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odds with republican senators. now the city's democratic mayor is asking president trump to delay the rally following the violence in charlottesville, virginia. carter evans is out at the convention center in phoenix with the president is due to speak. good morning. >> reporter: good morning. vice president pence is also expected to attend this campaign style rally tonight. now, arizona traditionally leans republican. local polling puts support for the president, his approval rating at about 42%. that is higher than the national average but there are going to be some protesters here tonight. they are already setting up here in the street. there are going to be at least six protests, the largest could draw about 3,000 people. >> i will assure you that we are well prepared. >> phoenix police chief is reassuring the city that local law enforcement is ready for president trump's downtown rally. but given the violence in charlottesville just ten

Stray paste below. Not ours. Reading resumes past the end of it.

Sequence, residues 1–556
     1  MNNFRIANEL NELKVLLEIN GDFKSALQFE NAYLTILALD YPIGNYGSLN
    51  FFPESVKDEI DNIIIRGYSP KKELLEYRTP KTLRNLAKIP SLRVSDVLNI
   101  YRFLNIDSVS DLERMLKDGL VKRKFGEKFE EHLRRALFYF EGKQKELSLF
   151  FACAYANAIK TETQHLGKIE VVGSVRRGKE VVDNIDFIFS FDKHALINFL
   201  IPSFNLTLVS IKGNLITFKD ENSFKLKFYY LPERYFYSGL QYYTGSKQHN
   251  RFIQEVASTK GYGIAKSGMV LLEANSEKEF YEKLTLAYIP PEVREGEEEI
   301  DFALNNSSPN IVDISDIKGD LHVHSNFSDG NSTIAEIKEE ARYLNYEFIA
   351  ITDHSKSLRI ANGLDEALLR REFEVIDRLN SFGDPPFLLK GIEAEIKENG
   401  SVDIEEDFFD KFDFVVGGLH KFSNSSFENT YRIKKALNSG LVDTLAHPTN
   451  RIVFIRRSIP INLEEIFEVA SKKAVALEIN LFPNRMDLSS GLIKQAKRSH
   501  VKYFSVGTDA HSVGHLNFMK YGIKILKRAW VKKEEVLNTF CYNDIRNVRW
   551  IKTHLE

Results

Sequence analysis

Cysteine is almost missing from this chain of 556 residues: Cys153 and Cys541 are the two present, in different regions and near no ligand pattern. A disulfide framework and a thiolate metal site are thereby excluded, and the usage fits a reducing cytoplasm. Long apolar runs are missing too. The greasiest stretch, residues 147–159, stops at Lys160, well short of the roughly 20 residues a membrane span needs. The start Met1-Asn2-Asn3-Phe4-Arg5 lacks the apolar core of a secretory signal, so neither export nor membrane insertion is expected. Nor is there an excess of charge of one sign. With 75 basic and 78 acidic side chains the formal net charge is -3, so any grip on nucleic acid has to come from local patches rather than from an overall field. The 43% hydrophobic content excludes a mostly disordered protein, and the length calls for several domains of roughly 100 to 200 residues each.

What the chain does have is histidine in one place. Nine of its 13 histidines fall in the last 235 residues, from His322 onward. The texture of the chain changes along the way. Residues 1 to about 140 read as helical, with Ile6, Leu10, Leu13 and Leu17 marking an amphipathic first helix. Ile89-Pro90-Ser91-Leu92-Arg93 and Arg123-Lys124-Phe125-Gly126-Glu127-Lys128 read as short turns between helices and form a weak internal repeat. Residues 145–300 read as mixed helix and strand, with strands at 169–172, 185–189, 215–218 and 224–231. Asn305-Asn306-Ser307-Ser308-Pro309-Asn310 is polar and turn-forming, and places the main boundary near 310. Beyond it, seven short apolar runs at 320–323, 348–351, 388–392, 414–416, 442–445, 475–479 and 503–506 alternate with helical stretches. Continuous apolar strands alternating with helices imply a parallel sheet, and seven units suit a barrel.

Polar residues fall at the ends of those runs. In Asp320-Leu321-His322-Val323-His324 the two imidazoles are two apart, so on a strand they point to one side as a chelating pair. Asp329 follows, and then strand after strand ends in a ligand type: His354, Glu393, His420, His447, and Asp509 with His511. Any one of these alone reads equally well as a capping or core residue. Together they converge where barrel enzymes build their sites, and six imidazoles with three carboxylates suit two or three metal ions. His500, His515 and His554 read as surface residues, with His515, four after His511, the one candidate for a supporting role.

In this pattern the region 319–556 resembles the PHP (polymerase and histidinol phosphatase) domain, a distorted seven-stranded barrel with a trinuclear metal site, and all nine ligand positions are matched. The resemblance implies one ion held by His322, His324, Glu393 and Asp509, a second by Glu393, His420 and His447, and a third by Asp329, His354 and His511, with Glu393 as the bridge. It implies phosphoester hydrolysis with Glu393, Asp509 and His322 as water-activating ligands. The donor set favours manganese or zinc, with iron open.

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ago and current political tension here in phoenix, the city's mayor says this is not the right time for this large scale political event. >> i believe the true intention is to really inflame people's passion to further divide the country and that's why i said the president should delay this trip to phoenix. >> a major concern says the president could use this rally to pardon the lawman awaiting sentencing of up to six months in jail after a federal judge found he broke the law when his office carried out traffic patrols that targeted immigrants. >> that would just put gasoline on that potential flame. that would be a really bad thing, not just for phoenix but for the entire united states. >> among a number of arizona politicians currently at odds with the president including some in his own party. >> it's a shell of a bill right now. >> it was arizona's republican senator john mccain w